The context principle asserts that “individual behavior cannot be explained or predicted apart from a particular situation, and the influence of a situation cannot be specified without reference to the individual experiencing it.” In other words, the question is not “How do we get teachers to participate in professional development?” but rather, “How can we create a context in which everyone will want to engage in professional learning?” To feel human in our workplace, we all need to feel like we have choices and teachers need to feel trusted and empowered to make those choices.

Systemic Change, not “self care.” We need to stop telling tired and demoralized teachers to “take care of themselves” when what they are really asking for is systemic change. Yes, teacher appreciation gifts are nice, but I’ll take a good flow chart, a clearly articulated process or a problem-solving protocol over a branded water bottle any day. When teachers are communicating that they feel “burnt out,” they are often really expressing demoralization. Researcher Doris Santoro, author of “Demoralized,” explains that demoralization occurs when teachers “encounter consistent and pervasive challenges to enacting the values that motivate their work.”

When I talk to teachers, I often ask, “What makes you tired?” Their answers are almost never about the students. They are about the bureaucracy: inconsistent communication, policies that don’t make sense or the never-ending parade of initiatives they are expected to implement. You may be able to combat burnout with some self care practices, but you cannot fight demoralization with a giftcard or a spa day. We must bring a critical eye to our schools’ systems and practices—and be willing to change things for the better.

Go beyond “checking-in” to building a culture of relational trust. We cannot ask teachers to build strong positive relationships with their students without making the effort to do the same among school staff members. In fact, educational leadership experts say that culture is always at play in a school’s success or failure. And research indicates that building trust among staff makes them more successful when it comes to implementing best practices over time.

There are so many dehumanizing workplaces. We cannot let schools be those spaces.

If we want teachers to show up for their students, we need to build collective trust. This may begin with getting to know one another, but it must be a constant, concerted effort.

Last year, I helped coordinate opportunities for grief counseling sessions led by mental health professionals and devoted meeting time for reflection and acknowledging feelings. Then a colleague said to me, “I think we just need to have fun together again.” So, I took on a new role I like to think of as my school’s “cruise director of fun.” One teacher called me the Julie McCoy of my school (a reference to the ‘70s TV show “The Love Boat.” I had to look this up). I organized virtual happy hours where we played trivia and sang karaoke. I thoroughly enjoyed watching a team of maintenance staff and coaches come up with the 10 most recent Sexiest Men Alive according to People Magazine to clinch a win for their trivia team. This kind of frivolity may seem like just that, frivolity. But ultimately, making the time to have fun together builds trust and creates a more human workplace.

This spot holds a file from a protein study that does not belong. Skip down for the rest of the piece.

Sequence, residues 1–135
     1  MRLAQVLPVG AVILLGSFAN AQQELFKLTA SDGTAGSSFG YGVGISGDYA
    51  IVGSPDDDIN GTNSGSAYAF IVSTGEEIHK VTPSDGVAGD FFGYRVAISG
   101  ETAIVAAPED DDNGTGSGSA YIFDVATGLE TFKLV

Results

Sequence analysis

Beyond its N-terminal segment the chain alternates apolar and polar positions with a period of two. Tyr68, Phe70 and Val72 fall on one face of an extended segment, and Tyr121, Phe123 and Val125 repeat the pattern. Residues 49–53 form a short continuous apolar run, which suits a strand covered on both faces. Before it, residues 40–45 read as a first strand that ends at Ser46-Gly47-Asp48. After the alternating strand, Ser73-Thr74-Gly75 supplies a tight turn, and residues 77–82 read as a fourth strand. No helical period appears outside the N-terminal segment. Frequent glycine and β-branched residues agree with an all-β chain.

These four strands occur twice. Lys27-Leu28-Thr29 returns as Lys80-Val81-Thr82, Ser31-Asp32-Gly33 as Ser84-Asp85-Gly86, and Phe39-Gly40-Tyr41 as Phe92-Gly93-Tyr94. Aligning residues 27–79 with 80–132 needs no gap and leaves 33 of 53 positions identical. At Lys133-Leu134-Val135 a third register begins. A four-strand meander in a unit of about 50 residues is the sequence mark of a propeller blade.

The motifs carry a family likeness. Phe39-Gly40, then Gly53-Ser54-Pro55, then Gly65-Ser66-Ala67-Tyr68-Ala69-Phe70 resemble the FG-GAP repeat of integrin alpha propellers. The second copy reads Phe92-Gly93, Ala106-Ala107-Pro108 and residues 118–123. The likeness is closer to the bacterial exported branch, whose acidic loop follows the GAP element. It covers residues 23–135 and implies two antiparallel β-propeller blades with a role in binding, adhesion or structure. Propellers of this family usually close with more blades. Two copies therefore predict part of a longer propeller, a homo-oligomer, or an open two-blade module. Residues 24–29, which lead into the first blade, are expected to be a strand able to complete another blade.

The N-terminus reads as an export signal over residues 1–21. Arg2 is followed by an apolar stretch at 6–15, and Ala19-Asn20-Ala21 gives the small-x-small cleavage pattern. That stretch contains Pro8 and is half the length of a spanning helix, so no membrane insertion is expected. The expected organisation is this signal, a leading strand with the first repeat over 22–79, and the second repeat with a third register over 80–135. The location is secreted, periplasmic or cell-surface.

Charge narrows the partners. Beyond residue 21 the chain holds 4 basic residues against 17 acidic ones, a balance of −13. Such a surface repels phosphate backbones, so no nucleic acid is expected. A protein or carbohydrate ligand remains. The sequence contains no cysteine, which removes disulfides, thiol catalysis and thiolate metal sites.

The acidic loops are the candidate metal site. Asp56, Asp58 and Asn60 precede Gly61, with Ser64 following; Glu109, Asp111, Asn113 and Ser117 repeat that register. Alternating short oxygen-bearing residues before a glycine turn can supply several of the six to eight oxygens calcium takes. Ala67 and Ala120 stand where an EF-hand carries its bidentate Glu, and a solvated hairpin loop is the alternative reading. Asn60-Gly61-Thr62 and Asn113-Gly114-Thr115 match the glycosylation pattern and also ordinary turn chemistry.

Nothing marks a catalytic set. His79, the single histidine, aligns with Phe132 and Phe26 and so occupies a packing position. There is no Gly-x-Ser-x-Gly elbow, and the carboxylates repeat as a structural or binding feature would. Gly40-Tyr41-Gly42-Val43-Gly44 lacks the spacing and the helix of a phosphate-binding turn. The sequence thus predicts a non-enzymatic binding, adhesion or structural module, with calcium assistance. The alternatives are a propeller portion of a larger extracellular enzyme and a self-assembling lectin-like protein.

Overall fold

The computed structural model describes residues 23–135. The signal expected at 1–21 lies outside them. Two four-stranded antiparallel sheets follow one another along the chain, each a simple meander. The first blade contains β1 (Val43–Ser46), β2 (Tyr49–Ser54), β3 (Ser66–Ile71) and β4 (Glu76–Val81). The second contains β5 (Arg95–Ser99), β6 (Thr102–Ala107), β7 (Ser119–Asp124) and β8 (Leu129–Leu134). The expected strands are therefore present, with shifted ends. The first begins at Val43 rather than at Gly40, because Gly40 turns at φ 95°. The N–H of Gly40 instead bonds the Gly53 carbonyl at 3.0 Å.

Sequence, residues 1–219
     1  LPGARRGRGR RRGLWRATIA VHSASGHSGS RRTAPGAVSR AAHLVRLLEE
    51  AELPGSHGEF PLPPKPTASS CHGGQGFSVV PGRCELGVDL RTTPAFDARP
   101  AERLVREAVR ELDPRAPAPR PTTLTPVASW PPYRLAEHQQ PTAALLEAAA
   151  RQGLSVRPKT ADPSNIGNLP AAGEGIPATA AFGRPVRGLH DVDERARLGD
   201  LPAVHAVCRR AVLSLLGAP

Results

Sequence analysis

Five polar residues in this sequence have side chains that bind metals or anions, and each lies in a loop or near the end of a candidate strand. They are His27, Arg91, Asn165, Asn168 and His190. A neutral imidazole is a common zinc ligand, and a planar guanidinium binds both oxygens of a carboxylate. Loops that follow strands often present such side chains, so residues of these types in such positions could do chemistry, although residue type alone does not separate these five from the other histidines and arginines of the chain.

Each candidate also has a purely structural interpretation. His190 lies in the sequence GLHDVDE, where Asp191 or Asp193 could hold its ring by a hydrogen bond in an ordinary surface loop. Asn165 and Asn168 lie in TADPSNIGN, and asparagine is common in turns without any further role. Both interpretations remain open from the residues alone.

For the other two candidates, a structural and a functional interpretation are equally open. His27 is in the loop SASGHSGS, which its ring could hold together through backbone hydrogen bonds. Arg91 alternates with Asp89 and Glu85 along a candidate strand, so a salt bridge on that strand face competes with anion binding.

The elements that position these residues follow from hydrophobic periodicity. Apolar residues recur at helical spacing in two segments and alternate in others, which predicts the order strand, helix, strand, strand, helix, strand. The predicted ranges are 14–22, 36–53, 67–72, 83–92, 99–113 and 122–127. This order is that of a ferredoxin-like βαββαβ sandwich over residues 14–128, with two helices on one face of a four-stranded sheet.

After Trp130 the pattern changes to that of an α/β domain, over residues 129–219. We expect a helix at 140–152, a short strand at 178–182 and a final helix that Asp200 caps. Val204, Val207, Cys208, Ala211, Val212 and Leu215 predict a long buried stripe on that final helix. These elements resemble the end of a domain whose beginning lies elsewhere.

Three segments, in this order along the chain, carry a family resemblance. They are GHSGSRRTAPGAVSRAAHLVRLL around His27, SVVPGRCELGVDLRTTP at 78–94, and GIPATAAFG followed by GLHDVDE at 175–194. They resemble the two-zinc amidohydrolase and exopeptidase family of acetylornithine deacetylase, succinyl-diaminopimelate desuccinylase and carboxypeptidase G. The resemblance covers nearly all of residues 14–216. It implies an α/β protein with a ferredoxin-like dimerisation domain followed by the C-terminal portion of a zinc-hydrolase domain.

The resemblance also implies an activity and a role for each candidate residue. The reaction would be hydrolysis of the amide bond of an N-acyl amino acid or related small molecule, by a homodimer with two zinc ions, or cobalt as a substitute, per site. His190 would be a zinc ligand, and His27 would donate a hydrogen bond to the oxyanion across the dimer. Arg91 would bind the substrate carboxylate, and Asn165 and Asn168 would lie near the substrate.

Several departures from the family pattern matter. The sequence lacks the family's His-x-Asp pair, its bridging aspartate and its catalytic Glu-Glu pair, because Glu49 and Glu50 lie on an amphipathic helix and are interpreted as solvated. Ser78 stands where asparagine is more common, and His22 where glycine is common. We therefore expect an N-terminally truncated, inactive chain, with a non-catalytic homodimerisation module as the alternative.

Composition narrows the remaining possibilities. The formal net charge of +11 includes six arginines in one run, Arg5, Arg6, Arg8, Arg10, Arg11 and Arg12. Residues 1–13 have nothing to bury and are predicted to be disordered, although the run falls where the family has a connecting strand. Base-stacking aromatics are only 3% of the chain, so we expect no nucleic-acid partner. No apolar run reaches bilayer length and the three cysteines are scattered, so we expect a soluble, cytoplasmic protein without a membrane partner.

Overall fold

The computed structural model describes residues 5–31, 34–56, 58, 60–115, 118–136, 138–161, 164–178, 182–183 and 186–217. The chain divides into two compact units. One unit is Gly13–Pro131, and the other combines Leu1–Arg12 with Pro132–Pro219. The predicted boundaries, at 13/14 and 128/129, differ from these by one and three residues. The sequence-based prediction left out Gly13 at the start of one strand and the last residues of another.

Lastly, to make schools human again, we must, on an individual level, commit to being human at work. We must bring our whole selves to work and be human in front of our colleagues and our students.

The picture at the top of this article is a 1997 band photo of my husband who is now a high school English teacher. During the spring of 2021, students returned to in-person classes just once a week for an advisory period, a non-academic class designed to provide a space for building relationships. He thought it might be a good idea to take his ninth grade students on a tour of the school to reacquaint them with the school building. To make things a little more interesting, he hid several copies of that band photo along the route. If students spotted one, they could keep it. It was his way of communicating to his students, “I was in ninth grade once too. It will be OK.” The students loved it and asked for more copies.

Now, he gives these out randomly as rewards. This is what it means to be human at work—acknowledging the connections between us. There are so many dehumanizing workplaces. We cannot let schools be those spaces.